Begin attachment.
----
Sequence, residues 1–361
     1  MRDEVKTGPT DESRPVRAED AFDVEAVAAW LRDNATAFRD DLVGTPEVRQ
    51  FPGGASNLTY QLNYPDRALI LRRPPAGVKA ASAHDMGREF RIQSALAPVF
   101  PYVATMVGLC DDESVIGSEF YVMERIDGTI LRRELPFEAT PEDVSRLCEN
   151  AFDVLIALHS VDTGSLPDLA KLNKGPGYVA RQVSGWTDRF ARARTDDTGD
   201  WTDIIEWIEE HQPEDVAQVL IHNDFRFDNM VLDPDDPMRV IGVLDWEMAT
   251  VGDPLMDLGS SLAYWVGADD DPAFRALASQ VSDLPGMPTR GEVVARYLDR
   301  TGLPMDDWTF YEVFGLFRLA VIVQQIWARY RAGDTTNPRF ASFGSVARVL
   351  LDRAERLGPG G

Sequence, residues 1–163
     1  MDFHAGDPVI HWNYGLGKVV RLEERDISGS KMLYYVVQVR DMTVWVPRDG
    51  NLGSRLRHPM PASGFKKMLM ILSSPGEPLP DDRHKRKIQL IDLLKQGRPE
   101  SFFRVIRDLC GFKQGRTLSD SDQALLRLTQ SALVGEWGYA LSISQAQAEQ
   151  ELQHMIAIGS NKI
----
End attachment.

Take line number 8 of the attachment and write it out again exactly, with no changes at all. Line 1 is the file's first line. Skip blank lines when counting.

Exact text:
   301  TGLPMDDWTF YEVFGLFRLA VIVQQIWARY RAGDTTNPRF ASFGSVARVL